I know that in moderation beef isn't bad, but when I stopped and looked at where the cholesterol came from in my diet, it was almost entirely beef. So I stopped eating it. Poultry and the occasional soy-substitute product generally meet my protein needs. Later, I also learned more about how inefficient beef production is, and the environmental impact. I don't care that people eat cows and swine, because we are omnivores and top the food chain. I think our culture eats way too much of it though.
Diana suggested some time ago that if we ever moved to a new city, she needed a GPS. So last weekend, we went to Best Buy to burn the gift cards we got through a promotion with the furniture store when we bought our mattress.
After messing with them, I think it was clear up front that the Garmin UI was hands down better than the others. The Tom Tom models had too many menus and seemed less logical. We settled on a model that had the nice big wide screen and sucked in traffic data. Opted to skip the Bluetooth model, as it probably wouldn't get that much use.
So far, I've made simple trips to the mall and the local BWW. The British guy voice amuses me. I like that it finds stuff near you, though I've not seen yet how it handles that when gas or food is just a side trip to your real destination. Funny how it gets certain pronunciation wrong, through no fault of its own. It called Medina "mih'-di-nuh" instead of the local "muh-die'-nuh" or the European "muh-dee'-nuh." It gets Beaumont right.
Wow, I can't believe how sad selling the JP pinball makes me. I think I've had it for about nine years now. I haven't played it as much in recent years, but it literally is like a piece of furniture, and it was the focus of countless parties, sleep-overs, volleyball gatherings and wrist cramping nights.
When Stephanie and I started dating early in my senior year (fall, '94), we encountered one of these for sale at the mall in Mansfield. I flirted with the completely irresponsible idea of buying it on credit, for I think $1,800 at the time. I think my entire credit limit was only $2k to begin with. Banks didn't give a lot of credit to college students in those days. Fortunately, I talked myself out of it, but I always said that if we grew up and lived together, we'd get one.
So 2000 rolls around, I make a cool $100k selling popworld.com to the Brits, and I have the cash to buy it outright. So I did, much to the dismay of others in my apartment building. Also to the dismay of the people who helped me move into this house in 2001. In the house, we also got the three movie posters framed and mounted to theme the room with the red furniture we had at the time. It just didn't match my newer brown couch nearly as well.
What made it such a great machine was the simplicity of the mini-goals and the attainability of the bigger goals. It was easy to learn how to get all six balls going, even if you were drunk (as evidenced by various attendees to various parties). To this day, I think it's one of the most fun machines I've ever played. And of course, people loved to see the T-rex eat the ball.
In the bigger sense, I'm amazed at just what a focal point a pinball machine is in social situations. I noticed in particular that since moving my office downstairs and shoving it behind my desk, where people can't stand on the sides, it got less use. At parties, even small gatherings of a half-dozen people, it would be played almost continuously. Come to think of it, the machine may have even had more exotic use I probably don't want to know about.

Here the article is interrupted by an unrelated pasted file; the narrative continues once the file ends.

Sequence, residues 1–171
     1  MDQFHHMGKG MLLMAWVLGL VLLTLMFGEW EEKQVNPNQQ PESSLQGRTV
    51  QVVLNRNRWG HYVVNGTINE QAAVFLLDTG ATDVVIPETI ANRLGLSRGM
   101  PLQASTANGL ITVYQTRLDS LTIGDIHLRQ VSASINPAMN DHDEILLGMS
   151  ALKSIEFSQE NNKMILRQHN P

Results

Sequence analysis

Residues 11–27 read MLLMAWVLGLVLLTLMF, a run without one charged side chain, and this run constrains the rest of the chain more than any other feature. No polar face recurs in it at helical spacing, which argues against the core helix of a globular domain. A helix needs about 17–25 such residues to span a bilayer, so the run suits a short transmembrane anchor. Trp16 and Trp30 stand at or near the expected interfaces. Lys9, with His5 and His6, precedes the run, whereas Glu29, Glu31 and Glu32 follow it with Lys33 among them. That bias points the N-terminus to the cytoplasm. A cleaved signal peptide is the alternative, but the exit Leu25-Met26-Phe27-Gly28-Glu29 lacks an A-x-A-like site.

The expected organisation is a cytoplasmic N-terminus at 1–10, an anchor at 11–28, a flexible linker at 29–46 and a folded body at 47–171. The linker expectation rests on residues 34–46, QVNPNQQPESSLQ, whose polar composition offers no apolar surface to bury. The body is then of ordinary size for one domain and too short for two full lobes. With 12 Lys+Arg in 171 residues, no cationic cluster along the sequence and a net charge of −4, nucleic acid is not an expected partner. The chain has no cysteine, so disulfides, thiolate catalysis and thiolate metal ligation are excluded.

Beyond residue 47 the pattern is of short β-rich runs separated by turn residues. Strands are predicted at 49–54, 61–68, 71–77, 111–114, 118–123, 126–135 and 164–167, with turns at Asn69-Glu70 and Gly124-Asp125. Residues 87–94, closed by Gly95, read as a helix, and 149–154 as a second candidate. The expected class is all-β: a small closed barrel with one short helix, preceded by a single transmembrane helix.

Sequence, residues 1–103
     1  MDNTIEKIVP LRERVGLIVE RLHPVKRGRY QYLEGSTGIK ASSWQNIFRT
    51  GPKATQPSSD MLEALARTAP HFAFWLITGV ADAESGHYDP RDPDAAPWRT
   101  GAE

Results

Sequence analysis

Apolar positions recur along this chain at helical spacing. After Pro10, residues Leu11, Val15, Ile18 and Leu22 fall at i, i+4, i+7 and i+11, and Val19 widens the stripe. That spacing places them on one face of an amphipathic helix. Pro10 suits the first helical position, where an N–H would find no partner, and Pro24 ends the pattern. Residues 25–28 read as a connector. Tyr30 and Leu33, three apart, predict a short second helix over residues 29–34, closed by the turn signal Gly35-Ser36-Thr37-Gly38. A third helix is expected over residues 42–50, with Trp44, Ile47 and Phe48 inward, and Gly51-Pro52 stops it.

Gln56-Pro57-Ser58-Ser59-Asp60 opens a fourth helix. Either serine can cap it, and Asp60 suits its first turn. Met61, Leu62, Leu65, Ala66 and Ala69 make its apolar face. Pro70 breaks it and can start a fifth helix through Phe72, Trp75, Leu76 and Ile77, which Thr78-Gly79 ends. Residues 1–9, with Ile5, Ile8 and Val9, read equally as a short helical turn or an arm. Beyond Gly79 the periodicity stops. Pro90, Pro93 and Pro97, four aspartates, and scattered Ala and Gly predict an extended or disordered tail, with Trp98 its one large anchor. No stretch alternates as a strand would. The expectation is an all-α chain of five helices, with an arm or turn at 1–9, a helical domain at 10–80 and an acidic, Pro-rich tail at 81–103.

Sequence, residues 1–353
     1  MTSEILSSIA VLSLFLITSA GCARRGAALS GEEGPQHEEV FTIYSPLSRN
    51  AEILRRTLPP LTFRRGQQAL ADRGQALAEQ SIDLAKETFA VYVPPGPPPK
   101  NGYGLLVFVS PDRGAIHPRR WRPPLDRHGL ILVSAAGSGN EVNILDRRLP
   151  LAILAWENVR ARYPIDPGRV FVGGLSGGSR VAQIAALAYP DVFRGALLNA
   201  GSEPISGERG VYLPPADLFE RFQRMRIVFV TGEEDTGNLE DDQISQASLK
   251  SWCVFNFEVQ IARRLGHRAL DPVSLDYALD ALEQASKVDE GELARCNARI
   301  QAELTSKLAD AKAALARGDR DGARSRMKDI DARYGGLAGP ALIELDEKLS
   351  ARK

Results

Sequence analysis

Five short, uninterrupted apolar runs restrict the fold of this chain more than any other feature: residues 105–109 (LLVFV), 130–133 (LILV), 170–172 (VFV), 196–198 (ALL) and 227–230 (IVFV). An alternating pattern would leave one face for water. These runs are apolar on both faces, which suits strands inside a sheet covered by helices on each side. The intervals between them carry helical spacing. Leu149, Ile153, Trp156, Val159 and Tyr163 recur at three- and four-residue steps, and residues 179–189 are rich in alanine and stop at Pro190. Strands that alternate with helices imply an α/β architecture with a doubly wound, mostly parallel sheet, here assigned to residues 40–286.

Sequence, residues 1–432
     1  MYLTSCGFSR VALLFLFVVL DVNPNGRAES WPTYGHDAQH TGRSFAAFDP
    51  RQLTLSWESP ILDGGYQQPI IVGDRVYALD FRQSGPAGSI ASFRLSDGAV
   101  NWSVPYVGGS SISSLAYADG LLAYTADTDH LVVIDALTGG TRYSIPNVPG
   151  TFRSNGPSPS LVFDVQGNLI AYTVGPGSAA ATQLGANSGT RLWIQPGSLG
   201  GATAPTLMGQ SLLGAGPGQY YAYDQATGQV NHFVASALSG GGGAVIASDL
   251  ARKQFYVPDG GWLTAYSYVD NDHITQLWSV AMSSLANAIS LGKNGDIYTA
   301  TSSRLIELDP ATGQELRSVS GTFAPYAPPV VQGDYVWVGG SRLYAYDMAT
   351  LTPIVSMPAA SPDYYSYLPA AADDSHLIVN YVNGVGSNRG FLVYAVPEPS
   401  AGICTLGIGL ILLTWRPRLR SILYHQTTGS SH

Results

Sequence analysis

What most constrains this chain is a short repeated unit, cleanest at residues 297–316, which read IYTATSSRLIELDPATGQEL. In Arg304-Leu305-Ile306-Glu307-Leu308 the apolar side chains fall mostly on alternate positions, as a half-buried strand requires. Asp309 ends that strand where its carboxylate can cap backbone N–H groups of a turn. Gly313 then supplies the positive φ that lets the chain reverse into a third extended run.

Giving it up makes me sad, not so much for the play value, but for all the memories it's associated with. When we get to a point where we're living in a house again, I definitely would like to get another, preferably virgin, out of the box. I love the new Indiana Jones machine, but unfortunately, Stern only makes their machines for about a year before going on to the next one.
My new boss says folks on the team I'll be working on have been stalking me via my blog. Hello, future co-worker/stalkers! :)
I guess I better self-moderate my quasi-douchebaggery so as not to give a bad first impression.
This could be one of those nights where I can't turn the brain off, so it's time for more dumping.
I'd like to thank the various friends who have made big moves in the last few years, because it had made me realize how much I needed to do it myself. In no particular order:
I'm sure there are others.
I can't even tell you how sore my brain is already making lists and trying to get my head around what has to happen. Of course, the real meat of the moving situation remains somewhat of a mystery until the background check is done, which takes a week or two. Once that's done, they'll hook me up with one of their re-lo people and we can figure out the when and how. My longest post-college adult moves have only been two miles. Each. Three times. So I'm totally in the dark about how to move 2,400 miles, and what you have to do with real movers who pack up your shit. I'm glad they have people to figure this stuff out, but I wish I knew more already.
They do put you up in temporary housing and hold your stuff in storage while you find a place to live, but honestly I just assume spend as little time as possible in that situation. Living out of suitcases isn't fun on vacation, let alone in the city you'll call home. Assuming we beat our junk by two or three (or four) days, I wonder if we can nail a place down before then. I'm already filtering the list by looking online.
We'll be apartment dwellers, because whatever equity I squeeze out of my house will finance the loss on Diana's. It sucks to feel like I'm starting over, but life experience has also demonstrated how to not be a moron with money, and I'm sure we'll figure it out and acquire a nice nest in a year or two.